Fèis Rois celebrates Cèilidh Trail’s 21st anniversary with bumper collection of Scotland’s best young musicians
Arts organisation to release double CD compilation album and host online concert to mark milestone of pioneering traditional music programme.
This year marks the 21st anniversary of a pioneering traditional music programme, set up by an arts organisation based in Dingwall, and despite not being able to mark the occasion in the usual style with a summer of musical performances, Fèis Rois is releasing a double album featuring music from former Cèilidh Trail participants and hosting an online extravaganza to celebrate the occasion this Saturday.
Fèis Rois was set for a fantastic summer of concerts and cèilidhs throughout Scotland, England, France and Australia to mark the milestone, but due to the Covid19 pandemic, the organisation took the decision to cancel this year’s Cèilidh Trail programme back in April.
Undeterred by the situation and eager to continue with some sort of celebration, Fèis Rois will release a double compilation album this weekend, featuring tracks donated by 21 former Cèilidh Trail participants including Highland duo Charlie Grey and Joseph Peach and Dingwall guitarist, Innes White, as well as tracks from bands which include former Ceilidh Trail musicians: Treacherous Orchestra, Inyal, The Outside Track, Project Smok and Fras.
To coincide with the launch of the album, there will also be an online concert on Saturday 15th August, which would have been the date of the final Cèilidh Trail performance at Eden Court Theatre in Inverness.
Taking a similar format as the organisation’s successful Virtual Fèis Rois Tutor Concert which took place online in May and was viewed over 50,000 times, the concert will be hosted on the Fèis Rois Facebook page.
It will feature former participants including current BBC Radio Scotland Traditional Musician of the Year, Ali Levack from Maryburgh, BBC Radio 2 Folk Award winners Josie Duncan, Brìghde Chaimbeul and Rachel Newton and TV presenter and singer Kim Carnie.
Other Highland musicians involved include Chloe Bryce from Tain, who has recently graduated with a 1st class honours degree from Royal Conservatoire of Scotland, member of electronic folk band, INYAL, and newest member of award-winning folk band, Breabach, Conal McDonagh from Poolewe and Tain fiddler with Kinnaris Quintet, Laura Wilkie.
The Cèilidh Trail programme, which provides young musicians and singers, aged 16 to 25, with the opportunity to take part in a professional summer tour with support from a team of musicians and specialist tutors, was established by Fèis Rois in 2000 and has now been adopted by a number of other Fèisean across Scotland.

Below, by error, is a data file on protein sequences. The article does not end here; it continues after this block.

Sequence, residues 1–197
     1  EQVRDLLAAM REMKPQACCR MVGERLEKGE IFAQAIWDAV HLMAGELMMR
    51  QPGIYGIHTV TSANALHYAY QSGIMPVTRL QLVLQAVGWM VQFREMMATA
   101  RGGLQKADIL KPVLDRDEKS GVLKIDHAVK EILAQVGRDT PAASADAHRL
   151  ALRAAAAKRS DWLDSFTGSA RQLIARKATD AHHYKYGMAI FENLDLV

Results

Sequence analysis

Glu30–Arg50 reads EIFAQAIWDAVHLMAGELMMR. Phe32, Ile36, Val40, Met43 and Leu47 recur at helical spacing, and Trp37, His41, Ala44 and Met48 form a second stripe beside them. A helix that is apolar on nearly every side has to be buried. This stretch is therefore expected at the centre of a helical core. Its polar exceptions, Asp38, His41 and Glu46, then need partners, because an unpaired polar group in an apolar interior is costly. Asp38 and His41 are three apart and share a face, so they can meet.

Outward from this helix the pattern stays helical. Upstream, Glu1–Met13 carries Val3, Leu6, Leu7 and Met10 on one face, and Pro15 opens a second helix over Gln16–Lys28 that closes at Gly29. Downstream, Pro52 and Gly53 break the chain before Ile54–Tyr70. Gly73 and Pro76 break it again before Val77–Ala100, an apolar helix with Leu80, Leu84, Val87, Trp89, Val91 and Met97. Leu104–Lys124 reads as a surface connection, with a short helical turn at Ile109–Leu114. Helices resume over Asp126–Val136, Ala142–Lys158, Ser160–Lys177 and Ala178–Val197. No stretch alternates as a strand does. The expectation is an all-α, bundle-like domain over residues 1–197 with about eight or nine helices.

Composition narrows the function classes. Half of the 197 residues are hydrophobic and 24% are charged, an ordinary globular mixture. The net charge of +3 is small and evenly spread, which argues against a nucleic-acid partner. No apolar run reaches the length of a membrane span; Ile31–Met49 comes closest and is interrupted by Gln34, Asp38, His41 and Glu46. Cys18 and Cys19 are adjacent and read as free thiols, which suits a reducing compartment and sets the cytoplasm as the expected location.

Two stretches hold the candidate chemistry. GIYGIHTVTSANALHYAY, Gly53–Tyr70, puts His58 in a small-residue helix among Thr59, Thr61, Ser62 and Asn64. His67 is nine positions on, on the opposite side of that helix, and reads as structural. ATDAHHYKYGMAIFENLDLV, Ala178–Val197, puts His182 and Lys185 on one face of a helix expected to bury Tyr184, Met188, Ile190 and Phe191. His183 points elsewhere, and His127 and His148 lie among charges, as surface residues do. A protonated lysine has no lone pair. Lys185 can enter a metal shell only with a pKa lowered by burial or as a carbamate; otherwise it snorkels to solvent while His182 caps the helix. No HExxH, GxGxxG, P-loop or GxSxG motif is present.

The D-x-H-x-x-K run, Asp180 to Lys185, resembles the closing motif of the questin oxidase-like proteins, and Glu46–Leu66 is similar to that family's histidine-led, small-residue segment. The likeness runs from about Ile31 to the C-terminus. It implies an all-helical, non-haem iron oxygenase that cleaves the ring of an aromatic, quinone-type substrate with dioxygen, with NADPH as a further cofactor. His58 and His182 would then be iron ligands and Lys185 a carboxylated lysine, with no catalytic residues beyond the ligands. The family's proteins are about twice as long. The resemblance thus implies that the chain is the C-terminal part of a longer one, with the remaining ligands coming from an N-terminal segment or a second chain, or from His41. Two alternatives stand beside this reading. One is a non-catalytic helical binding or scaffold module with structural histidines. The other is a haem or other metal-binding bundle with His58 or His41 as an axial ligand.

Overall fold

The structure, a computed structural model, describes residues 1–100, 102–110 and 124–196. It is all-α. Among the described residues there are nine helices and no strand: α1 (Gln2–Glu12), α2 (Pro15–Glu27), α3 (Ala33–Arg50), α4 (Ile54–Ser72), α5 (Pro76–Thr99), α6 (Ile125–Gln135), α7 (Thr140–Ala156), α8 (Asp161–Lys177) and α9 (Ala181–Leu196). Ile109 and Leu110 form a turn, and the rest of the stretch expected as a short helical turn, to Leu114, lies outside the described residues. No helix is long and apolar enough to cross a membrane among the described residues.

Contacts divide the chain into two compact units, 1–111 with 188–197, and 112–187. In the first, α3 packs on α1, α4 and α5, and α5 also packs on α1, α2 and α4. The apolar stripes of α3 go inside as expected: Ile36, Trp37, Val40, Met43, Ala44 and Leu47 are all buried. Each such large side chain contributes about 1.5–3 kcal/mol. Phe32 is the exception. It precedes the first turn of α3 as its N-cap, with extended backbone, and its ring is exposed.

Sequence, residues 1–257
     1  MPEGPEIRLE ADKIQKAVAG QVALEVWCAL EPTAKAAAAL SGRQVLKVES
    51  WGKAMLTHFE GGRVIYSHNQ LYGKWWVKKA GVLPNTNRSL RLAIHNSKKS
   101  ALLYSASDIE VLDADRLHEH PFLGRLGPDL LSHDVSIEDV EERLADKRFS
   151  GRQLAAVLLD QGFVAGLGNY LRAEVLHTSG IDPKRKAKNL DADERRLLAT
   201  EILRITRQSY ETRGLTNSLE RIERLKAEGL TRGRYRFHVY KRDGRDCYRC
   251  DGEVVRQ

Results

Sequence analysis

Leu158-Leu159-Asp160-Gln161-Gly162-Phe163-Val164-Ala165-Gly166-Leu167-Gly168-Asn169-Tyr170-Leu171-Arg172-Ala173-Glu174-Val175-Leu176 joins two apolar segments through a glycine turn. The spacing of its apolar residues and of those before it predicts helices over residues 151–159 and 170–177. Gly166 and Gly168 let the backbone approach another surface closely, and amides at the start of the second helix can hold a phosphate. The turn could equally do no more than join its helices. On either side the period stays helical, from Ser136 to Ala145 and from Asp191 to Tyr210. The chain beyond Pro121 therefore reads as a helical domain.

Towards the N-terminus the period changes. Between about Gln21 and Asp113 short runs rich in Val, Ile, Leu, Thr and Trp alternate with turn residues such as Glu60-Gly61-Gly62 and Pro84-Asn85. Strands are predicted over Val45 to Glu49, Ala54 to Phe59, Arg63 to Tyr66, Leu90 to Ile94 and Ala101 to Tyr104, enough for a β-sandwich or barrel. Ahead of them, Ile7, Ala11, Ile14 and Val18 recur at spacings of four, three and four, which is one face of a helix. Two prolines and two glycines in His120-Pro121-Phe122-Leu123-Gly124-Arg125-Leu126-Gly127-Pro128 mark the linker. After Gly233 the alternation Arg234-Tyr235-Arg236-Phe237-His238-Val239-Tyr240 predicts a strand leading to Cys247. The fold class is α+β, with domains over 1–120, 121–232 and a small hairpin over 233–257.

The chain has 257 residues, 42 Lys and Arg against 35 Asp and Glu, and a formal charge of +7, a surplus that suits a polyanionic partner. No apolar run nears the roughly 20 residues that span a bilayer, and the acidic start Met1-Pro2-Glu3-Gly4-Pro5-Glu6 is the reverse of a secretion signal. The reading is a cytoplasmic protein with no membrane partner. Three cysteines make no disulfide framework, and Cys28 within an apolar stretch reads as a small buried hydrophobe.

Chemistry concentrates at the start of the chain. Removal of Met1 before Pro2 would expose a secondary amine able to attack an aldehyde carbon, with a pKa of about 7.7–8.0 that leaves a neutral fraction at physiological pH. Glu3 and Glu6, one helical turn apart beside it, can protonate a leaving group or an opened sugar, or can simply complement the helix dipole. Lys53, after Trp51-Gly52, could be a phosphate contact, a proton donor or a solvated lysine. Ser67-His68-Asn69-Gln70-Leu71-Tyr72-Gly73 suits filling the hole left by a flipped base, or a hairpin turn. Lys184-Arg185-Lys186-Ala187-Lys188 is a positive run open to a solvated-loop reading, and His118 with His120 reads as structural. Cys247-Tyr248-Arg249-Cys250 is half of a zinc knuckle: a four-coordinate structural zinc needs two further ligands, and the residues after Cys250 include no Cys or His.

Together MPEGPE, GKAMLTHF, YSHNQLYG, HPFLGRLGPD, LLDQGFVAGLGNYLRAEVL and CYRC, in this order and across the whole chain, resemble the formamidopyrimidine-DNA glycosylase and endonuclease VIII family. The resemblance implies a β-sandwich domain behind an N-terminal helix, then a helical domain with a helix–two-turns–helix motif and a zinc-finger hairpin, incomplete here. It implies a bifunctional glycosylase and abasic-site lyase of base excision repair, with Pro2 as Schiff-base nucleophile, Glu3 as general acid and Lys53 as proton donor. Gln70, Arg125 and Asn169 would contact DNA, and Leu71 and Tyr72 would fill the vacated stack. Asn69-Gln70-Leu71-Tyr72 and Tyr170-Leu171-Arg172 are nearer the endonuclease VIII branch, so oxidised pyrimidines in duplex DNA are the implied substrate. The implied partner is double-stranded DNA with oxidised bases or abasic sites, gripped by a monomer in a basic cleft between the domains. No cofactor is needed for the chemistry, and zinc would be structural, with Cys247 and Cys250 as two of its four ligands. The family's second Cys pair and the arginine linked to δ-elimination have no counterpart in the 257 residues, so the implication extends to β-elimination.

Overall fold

The very first cèilidh trail was coordinated by multi award-winning Gaelic singer Julie Fowlis (who provided the theme song for Disney Pixar’s Brave), and participants on the first Trail included accordionist and member of Croft No.Five and Treacherous Orchestra, John Somerville, and west coast accordion player, piper and artist, Mairearad Green.
Mairearad Green, who took part in the first ceilidh trail in 2000, said:
“I got regular piping tuition at school but without Fèis Rois I would have struggled to get any tuition locally on the accordion.
“I was on the first ever cèilidh trail and what an introduction to life on the road!
“Having that platform from such a young age to develop my craft in such a supportive environment was invaluable to me and it meant that I could move down to Glasgow and support my time at University financially by doing gigs.
“It also meant I had a strong community and network of fellow musicians from the Highlands and we are all still friends today and many of us are working in the music industry thanks to Fèis Rois.”
Fiona Dalgetty, Chief Executive, Feis Rois, commented:
“We were determined to mark this big milestone in the Cèilidh Trail history, despite the pandemic and are excited to launch this new album which showcases the incredible talent that has come from the Cèilidh Trail over the years.
“The Cèilidh Trail supports young musicians develop their performance skills and provides a widespread traditional music entertainment programme in the Highlands and far beyond.
“It is a unique opportunity, offering participants training in the core skills required for a career in the creative industries, giving them a taste of what life as a professional touring musician can be like.
“It is also a hugely important cultural tourism initiative bringing high quality, authentic, traditional music to places where we know visitors will be over the busy summer months, but where they might not usually otherwise hear this music.
“We’re extremely disappointed to not being able to visit all the venues and festivals this year, which would have included major festivals such as Belladrum, Cambridge Folk Festival and Festival Interceltique de Lorient, as well as venues we have performed at since the beginning, including The Ceilidh Place in Ullapool, Inverewe Gardens and a number of SNH nature reserves.
“We hope our audiences will tune in for this very special concert on the 15th August and celebrate the musical talent from Scotland with us.”
This project is funded by Creative Scotland.
The first Cèilidh Trail took place after former Fèis Rois Chief Executive, Rita Hunter, visited Cape Breton as part of a Highland Council delegation and was inspired by similar models of work happening there.